The Declaration of Independence and the Constitution of the United States of America
Georgetown University Press, 2003 - History - 86 pages
Never in history have 1,322 words held out such extraordinary determination to be free as those found in the Declaration of Independence. In 1787, "We the people" were the three words that not only engendered a new and cohesive nation; they went on to change the face of the world as well. In 1791, the first ten Amendments to the Constitution of the United States of America, known to us as the Bill of Rights introduced the world to the concept of those singular rights that ought to belong to every free individual.
In one compact volume, the full texts of both the Declaration of Independence and the Constitution of the United States of America with all ratified twenty-seven Amendments to the Constitution are side by side--along with another of America's seminal documents, Thomas Jefferson's Virginia Statute for Religious Freedom, an additional world-changing statement that codified for the first time that one cannot be required by law to support or prefer any belief or be punished for those one does profess--and the basis for what we have come to know as the "wall of separation" between church and state.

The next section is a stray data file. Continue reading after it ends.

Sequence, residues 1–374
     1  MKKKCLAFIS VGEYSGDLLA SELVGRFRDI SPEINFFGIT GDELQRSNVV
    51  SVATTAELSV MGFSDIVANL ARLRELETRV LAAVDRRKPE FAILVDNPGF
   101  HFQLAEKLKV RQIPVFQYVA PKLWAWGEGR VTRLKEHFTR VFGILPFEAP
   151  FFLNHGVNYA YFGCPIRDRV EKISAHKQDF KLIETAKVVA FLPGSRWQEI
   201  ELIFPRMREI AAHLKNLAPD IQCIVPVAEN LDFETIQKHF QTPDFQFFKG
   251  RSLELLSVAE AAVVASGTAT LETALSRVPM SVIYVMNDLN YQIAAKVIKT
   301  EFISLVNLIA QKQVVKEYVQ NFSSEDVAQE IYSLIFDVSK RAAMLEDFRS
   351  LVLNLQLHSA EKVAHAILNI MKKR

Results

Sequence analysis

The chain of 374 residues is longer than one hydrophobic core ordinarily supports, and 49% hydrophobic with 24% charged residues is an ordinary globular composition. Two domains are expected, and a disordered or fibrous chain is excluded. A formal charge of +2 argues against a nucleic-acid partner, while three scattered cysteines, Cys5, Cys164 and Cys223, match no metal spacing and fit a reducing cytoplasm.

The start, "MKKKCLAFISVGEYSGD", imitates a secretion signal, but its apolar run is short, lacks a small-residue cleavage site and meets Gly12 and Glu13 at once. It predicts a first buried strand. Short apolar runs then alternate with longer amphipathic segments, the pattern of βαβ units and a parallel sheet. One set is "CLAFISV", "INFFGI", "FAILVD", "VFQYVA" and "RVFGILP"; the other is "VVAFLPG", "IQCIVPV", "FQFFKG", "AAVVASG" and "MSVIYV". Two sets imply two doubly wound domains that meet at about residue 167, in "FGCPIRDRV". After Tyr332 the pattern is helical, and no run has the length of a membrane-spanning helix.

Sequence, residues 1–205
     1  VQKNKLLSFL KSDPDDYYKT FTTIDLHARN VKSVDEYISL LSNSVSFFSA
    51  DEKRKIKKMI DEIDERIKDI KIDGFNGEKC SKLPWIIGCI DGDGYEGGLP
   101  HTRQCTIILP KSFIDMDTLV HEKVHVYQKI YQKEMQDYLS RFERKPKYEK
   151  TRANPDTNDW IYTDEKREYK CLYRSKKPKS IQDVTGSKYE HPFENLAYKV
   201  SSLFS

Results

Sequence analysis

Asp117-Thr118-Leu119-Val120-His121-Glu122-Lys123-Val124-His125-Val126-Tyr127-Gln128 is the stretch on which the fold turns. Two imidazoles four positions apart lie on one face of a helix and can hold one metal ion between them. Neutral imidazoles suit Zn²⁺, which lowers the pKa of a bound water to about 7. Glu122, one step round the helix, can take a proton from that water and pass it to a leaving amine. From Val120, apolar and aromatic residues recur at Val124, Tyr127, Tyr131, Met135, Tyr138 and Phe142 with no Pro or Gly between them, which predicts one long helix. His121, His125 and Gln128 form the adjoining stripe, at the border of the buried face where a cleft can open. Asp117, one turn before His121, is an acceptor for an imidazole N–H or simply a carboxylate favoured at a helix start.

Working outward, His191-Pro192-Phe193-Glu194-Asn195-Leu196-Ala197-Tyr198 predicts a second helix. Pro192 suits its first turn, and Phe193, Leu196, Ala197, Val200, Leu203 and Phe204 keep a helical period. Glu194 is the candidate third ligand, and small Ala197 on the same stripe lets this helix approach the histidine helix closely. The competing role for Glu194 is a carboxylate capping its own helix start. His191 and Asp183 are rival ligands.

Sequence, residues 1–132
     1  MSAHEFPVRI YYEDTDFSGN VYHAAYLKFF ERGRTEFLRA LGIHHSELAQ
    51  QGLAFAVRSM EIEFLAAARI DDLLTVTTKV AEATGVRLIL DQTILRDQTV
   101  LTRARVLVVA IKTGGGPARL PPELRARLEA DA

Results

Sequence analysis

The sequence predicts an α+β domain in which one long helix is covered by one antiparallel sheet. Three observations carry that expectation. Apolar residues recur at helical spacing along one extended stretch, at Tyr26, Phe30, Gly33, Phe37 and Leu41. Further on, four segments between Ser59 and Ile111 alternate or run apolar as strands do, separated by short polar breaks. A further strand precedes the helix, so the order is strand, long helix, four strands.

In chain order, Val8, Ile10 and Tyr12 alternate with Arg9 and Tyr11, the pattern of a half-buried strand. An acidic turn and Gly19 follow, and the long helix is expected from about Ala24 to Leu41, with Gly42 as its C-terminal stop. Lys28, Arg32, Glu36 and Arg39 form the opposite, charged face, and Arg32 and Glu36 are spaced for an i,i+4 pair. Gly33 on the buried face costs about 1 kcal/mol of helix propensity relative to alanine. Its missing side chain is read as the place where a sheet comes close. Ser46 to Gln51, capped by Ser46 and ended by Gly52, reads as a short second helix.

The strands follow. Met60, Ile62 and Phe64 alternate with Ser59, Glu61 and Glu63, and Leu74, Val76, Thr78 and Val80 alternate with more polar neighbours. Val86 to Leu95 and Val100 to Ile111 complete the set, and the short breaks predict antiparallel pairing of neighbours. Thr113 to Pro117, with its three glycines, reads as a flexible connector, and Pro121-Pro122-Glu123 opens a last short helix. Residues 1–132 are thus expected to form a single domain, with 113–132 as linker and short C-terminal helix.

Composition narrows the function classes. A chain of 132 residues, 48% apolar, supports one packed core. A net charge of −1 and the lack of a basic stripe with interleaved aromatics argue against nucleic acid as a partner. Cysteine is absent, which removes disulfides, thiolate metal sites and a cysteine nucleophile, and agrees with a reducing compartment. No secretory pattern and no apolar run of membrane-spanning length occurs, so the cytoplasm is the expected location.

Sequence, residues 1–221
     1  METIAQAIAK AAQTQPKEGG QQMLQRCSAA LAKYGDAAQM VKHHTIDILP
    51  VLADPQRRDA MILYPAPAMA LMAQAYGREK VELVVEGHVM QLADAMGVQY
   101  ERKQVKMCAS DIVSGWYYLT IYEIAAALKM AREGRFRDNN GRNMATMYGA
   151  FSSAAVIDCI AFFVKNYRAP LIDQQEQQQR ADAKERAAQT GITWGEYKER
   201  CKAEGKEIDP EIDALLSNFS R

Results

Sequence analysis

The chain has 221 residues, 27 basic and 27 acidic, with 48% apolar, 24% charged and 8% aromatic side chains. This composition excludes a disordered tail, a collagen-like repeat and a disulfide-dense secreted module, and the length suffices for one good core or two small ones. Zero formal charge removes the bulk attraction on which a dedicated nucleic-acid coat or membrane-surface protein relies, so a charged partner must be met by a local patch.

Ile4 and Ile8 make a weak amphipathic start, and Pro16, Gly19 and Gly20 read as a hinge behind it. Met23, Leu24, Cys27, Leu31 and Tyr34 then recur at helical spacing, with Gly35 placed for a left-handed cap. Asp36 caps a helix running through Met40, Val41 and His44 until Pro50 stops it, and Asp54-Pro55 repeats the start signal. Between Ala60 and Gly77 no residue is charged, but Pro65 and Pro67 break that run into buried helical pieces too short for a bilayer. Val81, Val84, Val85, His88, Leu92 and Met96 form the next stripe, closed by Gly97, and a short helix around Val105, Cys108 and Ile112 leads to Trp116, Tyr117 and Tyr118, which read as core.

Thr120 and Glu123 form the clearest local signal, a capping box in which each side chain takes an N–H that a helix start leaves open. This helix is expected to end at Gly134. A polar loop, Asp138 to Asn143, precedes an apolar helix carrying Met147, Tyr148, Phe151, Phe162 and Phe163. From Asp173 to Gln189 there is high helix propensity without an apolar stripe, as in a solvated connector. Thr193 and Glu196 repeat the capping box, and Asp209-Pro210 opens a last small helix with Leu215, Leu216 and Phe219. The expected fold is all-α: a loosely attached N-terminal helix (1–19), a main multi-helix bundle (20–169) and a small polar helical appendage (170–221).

Who we are and what we are free to be as citizens of the United States of America is contained between these covers. Cass R. Sunstein prefaces the volume with a succinct history and interpretation of the place and meaning of both the Declaration and the Constitution in American life. Enhanced by an index and suggestions for further reading, this volume, small in size but overwhelming in the impact of its contents, belongs in the home of every citizen of the United States.
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The Constitution of the United States of America
Amendments to the Constitution
A Bill for Establishing Religious Freedom
For Further Reading